The science of alcohol
The science of alcohol

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5 Flavours in alcoholic drinks

Alcoholic beverages come in a vast variety of flavours. Some of these are added deliberately to the drink (quite common for alcopops, fruit ciders and spirits), but in traditional drinks such as beer the flavours occur naturally, coming from the components – hops, grains, water and yeast. You first met these components of beer in Week 2. In this video, Danny Allwood describes some of the flavours associated with these components and where they come from.

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Within the malt, the yeasts and sugars interact producing lots of different chemicals that contribute to flavour and aroma. Brewing temperature and yeast strain strongly affect this. The main compounds are esters and phenols. In general, more esters are produced when the fermentation step is warmer. Ale yeast prefers warmer temperatures compared to lager yeast and produces compounds such as isoamyl acetate (sweet candy banana), ethyl octanoate (apple skins) and ethyl hexanoate (anise). Not all compounds smell good, though. Warm fermentations can result in ethyl acetate (acetone), which is commonly used in nail polish remover! Other flavours that are yeast dependent are 4-ethylphenol (an earthy aroma) and 4-vinyl guaiacol (cloves).

How the brewer treats the grains during the malting process leads to many of beer’s prominent flavours. Toasting the grains and the drying process have a large effect and also affect the colour. For example, darker grains smell like candy floss due to the presence of maltol.

During the toasting process the amino acids and sugars react together in a caramelisation called the Maillard reaction. Literally hundreds of compounds can result from this with the most common flavours and aromas including caramel, chocolate and coffee.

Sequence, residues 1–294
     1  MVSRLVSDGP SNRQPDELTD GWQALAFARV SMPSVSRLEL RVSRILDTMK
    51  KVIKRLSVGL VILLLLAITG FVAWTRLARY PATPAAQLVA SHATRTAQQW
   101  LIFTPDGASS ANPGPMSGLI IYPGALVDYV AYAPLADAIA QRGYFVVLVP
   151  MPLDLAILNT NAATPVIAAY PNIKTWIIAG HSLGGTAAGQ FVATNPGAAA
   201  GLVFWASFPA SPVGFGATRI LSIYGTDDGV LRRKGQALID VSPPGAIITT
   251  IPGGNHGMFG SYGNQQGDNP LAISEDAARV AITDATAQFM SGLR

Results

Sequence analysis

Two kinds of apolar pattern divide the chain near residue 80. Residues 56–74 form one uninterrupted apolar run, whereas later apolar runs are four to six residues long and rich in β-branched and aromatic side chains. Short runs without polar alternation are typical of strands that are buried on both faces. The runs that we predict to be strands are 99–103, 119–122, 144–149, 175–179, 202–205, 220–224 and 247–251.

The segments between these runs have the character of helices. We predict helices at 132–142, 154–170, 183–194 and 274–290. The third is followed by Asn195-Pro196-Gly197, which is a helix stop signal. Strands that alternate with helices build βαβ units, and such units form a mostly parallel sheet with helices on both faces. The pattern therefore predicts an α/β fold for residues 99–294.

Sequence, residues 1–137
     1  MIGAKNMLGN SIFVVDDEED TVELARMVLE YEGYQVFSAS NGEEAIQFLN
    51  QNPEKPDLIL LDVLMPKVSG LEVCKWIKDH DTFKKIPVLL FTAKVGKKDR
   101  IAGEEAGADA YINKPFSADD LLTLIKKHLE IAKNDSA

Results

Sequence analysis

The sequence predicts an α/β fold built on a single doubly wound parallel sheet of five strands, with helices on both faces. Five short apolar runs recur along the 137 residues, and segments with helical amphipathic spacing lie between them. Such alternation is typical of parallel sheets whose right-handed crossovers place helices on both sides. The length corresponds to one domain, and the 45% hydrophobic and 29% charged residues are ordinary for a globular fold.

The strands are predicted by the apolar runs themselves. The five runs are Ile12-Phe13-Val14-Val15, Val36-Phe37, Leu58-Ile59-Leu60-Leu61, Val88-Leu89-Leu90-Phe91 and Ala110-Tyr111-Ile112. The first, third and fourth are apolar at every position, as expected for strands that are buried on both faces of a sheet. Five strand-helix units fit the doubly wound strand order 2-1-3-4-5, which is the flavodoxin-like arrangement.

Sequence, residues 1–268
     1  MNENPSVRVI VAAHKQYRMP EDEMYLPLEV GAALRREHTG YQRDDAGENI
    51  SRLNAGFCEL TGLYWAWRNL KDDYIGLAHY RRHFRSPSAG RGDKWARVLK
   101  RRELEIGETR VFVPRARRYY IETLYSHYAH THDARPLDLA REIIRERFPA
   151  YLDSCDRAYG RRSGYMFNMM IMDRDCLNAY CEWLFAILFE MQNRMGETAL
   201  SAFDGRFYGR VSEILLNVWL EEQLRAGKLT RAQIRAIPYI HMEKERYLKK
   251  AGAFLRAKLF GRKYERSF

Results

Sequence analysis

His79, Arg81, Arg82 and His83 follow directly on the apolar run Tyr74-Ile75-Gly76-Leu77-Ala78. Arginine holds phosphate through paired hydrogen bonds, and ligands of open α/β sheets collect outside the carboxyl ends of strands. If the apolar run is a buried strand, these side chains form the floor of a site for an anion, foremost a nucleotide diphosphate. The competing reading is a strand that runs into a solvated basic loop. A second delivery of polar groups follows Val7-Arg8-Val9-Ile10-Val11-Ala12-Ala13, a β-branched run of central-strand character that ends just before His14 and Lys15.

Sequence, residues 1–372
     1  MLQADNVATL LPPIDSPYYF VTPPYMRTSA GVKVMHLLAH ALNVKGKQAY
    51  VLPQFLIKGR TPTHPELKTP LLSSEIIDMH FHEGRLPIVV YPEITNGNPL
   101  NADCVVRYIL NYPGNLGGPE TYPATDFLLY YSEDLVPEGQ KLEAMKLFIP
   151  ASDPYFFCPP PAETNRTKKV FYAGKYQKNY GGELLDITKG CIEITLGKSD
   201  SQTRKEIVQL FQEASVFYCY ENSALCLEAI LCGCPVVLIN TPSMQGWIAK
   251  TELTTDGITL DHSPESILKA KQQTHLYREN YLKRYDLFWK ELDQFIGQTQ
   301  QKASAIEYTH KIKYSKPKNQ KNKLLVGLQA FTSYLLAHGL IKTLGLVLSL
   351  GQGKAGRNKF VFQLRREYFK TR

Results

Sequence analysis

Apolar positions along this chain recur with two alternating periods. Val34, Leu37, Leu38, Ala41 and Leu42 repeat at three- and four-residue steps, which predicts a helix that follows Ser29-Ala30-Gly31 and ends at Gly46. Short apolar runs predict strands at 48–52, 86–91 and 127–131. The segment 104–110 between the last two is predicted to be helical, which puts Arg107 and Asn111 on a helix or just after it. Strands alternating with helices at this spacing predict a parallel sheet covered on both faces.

Hops are some of the most recognisable flavour providers. Bitter compounds such as the humulones – known as alpha acids – are present in the hop flower. The higher their levels, the more bitter the beer will be. Varieties of hop differ in content and therefore bitterness.

The classic hop smell comes primarily from essential oils in hops. You saw in Week 2 that, for a ‘hoppy’ beer, more hops are added at the end of the brewing process. The most common oils are alpha-caryophyllene and humulatriene. These two compounds create the key pine, citrus and sage-like aromas that hoppy beers are famous for.

Consider the structure of humulone in Figure 7.

This shows the chemical structure of the alpha acid humulone.
Figure 7 The alpha acid humulone, found in hops
  • Is humulone likely to contribute to the taste or the smell of a beer?

  • Humulone is a large molecule with an RMM of 362.46 and as such is highly likely not to be volatile at room temperature. Therefore, it is more likely to contribute to taste rather than smell. Other smaller hops can be used to contribute to the smell of a beer.


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